statement that “Millions of Americans have decided that low interest rates offer
    a good opportunity to refinance their homes or buy new ones” (May 2, 2001)? Or
    with his observation that “those 11 interest rate cuts in 2001 fueled a boom
    both in housing purchases and in mortgage refinancing” (October 1, 2002)?
    Or with his acknowledgment that it had been “the Fed’s dramatic interest rate
    cuts” that had “helped keep housing strong” (December 28, 2001)? Or his
    statement, “Repeated interest rate cuts encouraged families to buy new houses
    and refinance their mortgages” (December 22, 2002)? Or his remark that “Mortgage rates
    did indeed fall briefly to historic lows, extending the home-buying and
    refinancing boom that has helped keep the economy’s head above water” (July 25,
    2003)? Or, “Low interest rates … have been crucial to America’s housing boom”
    (May 20, 2005)? Or, “interest rate cuts led to soaring home prices, which led
    in turn not just to a construction boom but to high consumer spending, because
    homeowners used mortgage refinancing to go deeper into debt”(May 25,
    2005)? Or, “A snarky but accurate description of monetary policy over the past
    five years is that the Federal Reserve successfully replaced the technology bubble
    with a housing bubble” (August 7, 2006)? Or, “Back in 2002 and
    2003, low interest rates made
    buying a house look like a very good deal. As people piled into housing,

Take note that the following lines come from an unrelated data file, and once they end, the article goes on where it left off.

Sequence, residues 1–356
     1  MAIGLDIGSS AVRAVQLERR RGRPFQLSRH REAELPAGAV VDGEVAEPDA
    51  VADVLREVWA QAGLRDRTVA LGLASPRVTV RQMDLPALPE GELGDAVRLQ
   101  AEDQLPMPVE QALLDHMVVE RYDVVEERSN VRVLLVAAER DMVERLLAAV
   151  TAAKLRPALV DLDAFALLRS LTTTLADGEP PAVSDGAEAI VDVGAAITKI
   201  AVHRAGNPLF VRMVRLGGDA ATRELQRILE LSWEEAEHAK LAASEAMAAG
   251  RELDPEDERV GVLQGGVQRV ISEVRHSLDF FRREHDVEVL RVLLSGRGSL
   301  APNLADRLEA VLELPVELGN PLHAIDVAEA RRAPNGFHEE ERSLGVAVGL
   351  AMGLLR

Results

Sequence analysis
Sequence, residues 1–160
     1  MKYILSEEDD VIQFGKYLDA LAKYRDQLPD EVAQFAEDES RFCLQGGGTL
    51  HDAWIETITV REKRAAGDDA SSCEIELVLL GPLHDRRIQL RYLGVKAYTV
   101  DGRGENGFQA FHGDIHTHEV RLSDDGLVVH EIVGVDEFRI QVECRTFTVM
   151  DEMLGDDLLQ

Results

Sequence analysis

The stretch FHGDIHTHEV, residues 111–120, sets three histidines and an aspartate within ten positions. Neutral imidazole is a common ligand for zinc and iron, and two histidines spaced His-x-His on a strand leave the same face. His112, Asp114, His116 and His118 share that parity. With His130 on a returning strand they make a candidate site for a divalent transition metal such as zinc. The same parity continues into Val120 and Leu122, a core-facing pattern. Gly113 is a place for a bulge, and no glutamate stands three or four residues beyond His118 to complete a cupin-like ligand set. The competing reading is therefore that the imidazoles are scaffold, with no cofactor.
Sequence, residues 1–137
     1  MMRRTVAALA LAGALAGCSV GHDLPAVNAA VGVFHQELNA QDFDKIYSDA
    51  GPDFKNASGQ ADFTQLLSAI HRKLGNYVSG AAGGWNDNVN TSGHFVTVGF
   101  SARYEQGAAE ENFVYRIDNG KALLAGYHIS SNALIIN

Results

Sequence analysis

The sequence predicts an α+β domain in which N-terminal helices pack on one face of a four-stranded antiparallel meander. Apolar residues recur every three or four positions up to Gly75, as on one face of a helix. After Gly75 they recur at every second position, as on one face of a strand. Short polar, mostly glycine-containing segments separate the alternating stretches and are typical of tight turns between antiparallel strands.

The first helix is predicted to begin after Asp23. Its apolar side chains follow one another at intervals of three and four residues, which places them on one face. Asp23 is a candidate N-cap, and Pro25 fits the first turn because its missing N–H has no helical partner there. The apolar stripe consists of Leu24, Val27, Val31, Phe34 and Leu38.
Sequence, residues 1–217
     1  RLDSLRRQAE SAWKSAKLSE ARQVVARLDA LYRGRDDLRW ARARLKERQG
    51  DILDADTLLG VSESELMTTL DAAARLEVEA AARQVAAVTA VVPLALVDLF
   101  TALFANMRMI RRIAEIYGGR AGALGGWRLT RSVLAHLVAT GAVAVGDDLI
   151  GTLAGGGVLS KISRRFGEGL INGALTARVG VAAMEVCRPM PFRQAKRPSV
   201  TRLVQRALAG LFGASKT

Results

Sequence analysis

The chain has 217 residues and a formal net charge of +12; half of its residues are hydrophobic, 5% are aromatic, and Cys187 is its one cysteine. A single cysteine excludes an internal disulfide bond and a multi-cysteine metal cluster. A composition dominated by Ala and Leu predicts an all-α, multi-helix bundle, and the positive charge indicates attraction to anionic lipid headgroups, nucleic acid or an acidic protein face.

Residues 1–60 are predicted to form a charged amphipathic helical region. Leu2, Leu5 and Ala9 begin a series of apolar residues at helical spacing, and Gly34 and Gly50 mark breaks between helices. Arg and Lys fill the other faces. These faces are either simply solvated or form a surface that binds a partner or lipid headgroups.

however, prices rose—and people began assuming that they would keep on rising.
    So the boom fed on itself” (July 27, 2007)?

    What can explain
    Krugman’s self-contradictions? When he thought the
    housing bubble was a good thing, the road to recovery, he was all for it,
    lavishing the Fed with
    praise for single-handedly rescuing the economy from the much more painful
    recession that
    otherwise would have occurred without it. Once the devastating consequences of
    the housing bubble became
    clear, however, he changed his story, denying that he had ever called for a
    bubble and even denying that the Fed was
    responsible for having created it.

  • Jeremy R. Hammond

    Thanks for that, Don. No sooner had I got done posing a portion from the book on Krugman denying the role of the Fed than I read your comment. Much appreciated referral.

  • jen

    The so-called right like Hannity and Paul Ryan really need to be told to shut up as it is the fed first and not Obama that caused the financial slump. 

    And the left needs to be told to stop blaming Bush because it was the Fed to blame and Obama supports the Fed as much as Bush and Romney do.